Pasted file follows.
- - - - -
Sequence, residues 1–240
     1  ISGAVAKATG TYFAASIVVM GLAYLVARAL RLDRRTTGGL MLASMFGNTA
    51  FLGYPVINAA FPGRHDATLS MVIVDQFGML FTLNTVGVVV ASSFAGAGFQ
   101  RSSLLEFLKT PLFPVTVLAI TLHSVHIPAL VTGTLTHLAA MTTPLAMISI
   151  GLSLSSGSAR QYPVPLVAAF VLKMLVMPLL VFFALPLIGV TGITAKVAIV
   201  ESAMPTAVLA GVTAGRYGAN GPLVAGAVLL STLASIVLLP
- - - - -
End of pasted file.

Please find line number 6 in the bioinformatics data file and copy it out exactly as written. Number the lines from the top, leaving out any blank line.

   201  ESAMPTAVLA GVTAGRYGAN GPLVAGAVLL STLASIVLLP